What are Higher Education Institutions?

Higher Education Instituions include Universities, Institutes of Technologies and Colleges of Education in Ireland. Higher Certificate, Ordinary, Honour, Graduate and Master degrees and PhD can be studied in these institutions.

Student Supports/Services within Higher Education Institutions

There are a variety of support services available to mature students in Higher Education Institutions. This web page provides a brief outline of some of the supports available, but for more information, you should contact either the Mature Student Officer or Access Officer in the college you are interested in attending.

Mature Student Officer

The majority of Higher Education Institutions have Mature Student Officers to support mature students within the college or to provide assistance to adults considering returning to education in their respective college. If a college does not have a Mature Student Officer, the Access Officer should be able to answer any questions you might have, regarding the support services available.

Mature Student Officers can offer courses to assist students with the sometimes challenging transition to third level education. These courses introduce the necessary academic skills required for first year students and also provides practical advice e.g. familiarising students with the third level campus and meeting fellow mature students.

Workshops may also be provided on topics ranging from writing skills, the transition to third level, study skills, note taking, science/laboratory skills, learning styles, using the library, financial supports and an introduction to clubs and societies. Some colleges may also cover topics such as managing change, ‘understanding yourself as an adult learner’, adapting to student life and managing stress.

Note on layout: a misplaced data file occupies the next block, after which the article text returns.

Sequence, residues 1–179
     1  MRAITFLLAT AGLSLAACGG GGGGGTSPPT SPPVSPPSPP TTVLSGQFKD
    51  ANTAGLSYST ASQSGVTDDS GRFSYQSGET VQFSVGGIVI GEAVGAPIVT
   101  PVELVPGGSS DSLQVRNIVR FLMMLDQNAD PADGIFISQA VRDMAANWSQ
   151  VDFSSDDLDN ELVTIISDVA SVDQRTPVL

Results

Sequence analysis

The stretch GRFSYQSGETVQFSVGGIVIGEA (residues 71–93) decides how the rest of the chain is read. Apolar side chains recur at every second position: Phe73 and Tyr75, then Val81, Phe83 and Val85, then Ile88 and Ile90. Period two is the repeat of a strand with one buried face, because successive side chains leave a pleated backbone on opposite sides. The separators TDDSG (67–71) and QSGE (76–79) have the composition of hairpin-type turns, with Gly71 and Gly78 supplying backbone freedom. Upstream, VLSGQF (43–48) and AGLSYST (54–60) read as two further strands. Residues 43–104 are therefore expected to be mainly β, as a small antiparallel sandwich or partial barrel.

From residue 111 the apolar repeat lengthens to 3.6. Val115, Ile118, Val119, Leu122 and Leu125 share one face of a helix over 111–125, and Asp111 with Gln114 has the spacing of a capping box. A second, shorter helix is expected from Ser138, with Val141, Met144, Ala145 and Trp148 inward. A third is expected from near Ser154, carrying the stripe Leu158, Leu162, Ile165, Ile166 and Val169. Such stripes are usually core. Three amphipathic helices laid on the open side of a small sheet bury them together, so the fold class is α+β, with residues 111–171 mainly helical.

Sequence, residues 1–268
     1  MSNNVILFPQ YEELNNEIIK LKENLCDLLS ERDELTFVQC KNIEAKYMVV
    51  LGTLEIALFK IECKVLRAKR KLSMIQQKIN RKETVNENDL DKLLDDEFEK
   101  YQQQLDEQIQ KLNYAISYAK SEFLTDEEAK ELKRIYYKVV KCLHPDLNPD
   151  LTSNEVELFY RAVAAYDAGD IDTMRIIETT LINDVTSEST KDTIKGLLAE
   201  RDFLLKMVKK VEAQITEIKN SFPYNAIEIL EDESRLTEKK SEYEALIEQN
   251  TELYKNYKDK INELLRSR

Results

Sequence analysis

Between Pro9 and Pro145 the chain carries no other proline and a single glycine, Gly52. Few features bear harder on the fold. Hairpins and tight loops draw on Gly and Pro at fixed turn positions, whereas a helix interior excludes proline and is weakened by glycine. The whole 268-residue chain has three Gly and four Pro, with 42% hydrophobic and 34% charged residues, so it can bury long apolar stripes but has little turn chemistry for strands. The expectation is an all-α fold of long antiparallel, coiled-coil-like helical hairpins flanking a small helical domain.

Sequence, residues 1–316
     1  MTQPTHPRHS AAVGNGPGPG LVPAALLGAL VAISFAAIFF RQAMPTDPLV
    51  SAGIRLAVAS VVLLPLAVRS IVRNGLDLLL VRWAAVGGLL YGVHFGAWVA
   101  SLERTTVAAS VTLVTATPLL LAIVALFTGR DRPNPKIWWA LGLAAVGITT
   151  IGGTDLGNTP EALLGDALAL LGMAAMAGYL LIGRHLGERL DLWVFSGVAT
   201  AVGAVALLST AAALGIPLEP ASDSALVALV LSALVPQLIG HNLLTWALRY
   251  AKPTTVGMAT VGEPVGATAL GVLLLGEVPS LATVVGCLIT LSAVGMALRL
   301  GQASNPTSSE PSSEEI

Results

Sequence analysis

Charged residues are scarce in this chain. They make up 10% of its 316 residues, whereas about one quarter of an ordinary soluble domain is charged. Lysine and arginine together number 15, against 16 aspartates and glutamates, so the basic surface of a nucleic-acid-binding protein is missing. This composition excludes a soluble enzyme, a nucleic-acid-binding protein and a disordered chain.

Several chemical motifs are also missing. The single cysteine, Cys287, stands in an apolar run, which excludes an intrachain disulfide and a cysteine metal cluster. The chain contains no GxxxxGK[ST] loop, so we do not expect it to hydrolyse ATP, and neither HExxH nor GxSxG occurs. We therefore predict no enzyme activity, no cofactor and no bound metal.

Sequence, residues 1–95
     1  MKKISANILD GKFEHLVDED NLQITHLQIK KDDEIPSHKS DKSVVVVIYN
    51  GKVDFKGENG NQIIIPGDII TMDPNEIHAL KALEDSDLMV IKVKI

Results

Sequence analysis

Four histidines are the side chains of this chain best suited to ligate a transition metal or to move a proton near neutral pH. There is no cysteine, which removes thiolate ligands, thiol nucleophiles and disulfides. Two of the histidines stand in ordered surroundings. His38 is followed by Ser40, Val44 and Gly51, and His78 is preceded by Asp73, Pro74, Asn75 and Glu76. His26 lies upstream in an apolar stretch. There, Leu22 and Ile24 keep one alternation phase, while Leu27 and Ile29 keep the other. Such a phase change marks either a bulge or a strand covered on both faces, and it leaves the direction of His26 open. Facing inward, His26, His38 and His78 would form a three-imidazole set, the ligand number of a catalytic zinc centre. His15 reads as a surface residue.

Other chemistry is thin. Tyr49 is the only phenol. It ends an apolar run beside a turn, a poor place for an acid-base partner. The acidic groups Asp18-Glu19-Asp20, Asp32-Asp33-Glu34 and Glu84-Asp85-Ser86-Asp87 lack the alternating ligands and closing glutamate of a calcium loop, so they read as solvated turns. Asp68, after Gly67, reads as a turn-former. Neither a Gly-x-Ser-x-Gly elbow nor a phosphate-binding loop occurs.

Access Officer

The role of the Access Officer is to facilitate greater access and participation in third level for students from marginalised groups who have traditionally been excluded from higher education. The Access Officer works with students who have a disability, adult learners and students who come from socio-economically disadvantaged areas.

Disability Supports

Many third level colleges have a dedicated disability support office. Alternatively, students should contact the Access Officer in the college. Educational supports can vary greatly depending on the college. Some supports which can be provided include; peer mentoring programmes, accessible accommodation, accessible transport, assistive technology, alternative media formats, tuition in specific subject areas, alternative examination arrangements, note taking, and assistance in using the college library. Other disability supports may include a needs assessment, learning support, sign language interpretation, speed text operators, academic skills development and spelling and grammar waiver.

The Association for Higher Education Access and Disability (AHEAD) is an organisation which provides information to students/ graduates with disabilities, teachers, guidance counsellors and parents on disability issues in education.